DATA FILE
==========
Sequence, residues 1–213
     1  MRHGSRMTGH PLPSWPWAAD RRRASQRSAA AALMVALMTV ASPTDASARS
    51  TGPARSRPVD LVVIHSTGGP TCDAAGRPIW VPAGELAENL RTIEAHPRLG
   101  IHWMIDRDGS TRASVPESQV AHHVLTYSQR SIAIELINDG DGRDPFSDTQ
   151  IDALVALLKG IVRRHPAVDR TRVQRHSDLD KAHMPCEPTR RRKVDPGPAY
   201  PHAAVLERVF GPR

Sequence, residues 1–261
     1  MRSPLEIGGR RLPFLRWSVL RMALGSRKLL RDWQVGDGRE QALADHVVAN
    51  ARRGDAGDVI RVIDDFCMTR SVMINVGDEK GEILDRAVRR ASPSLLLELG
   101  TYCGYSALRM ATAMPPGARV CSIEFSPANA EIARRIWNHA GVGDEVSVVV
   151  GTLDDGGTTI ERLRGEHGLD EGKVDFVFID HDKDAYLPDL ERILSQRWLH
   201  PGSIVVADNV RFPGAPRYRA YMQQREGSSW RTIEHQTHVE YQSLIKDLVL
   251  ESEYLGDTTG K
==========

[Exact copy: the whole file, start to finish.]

Sequence, residues 1–213
     1  MRHGSRMTGH PLPSWPWAAD RRRASQRSAA AALMVALMTV ASPTDASARS
    51  TGPARSRPVD LVVIHSTGGP TCDAAGRPIW VPAGELAENL RTIEAHPRLG
   101  IHWMIDRDGS TRASVPESQV AHHVLTYSQR SIAIELINDG DGRDPFSDTQ
   151  IDALVALLKG IVRRHPAVDR TRVQRHSDLD KAHMPCEPTR RRKVDPGPAY
   201  PHAAVLERVF GPR

Sequence, residues 1–261
     1  MRSPLEIGGR RLPFLRWSVL RMALGSRKLL RDWQVGDGRE QALADHVVAN
    51  ARRGDAGDVI RVIDDFCMTR SVMINVGDEK GEILDRAVRR ASPSLLLELG
   101  TYCGYSALRM ATAMPPGARV CSIEFSPANA EIARRIWNHA GVGDEVSVVV
   151  GTLDDGGTTI ERLRGEHGLD EGKVDFVFID HDKDAYLPDL ERILSQRWLH
   201  PGSIVVADNV RFPGAPRYRA YMQQREGSSW RTIEHQTHVE YQSLIKDLVL
   251  ESEYLGDTTG K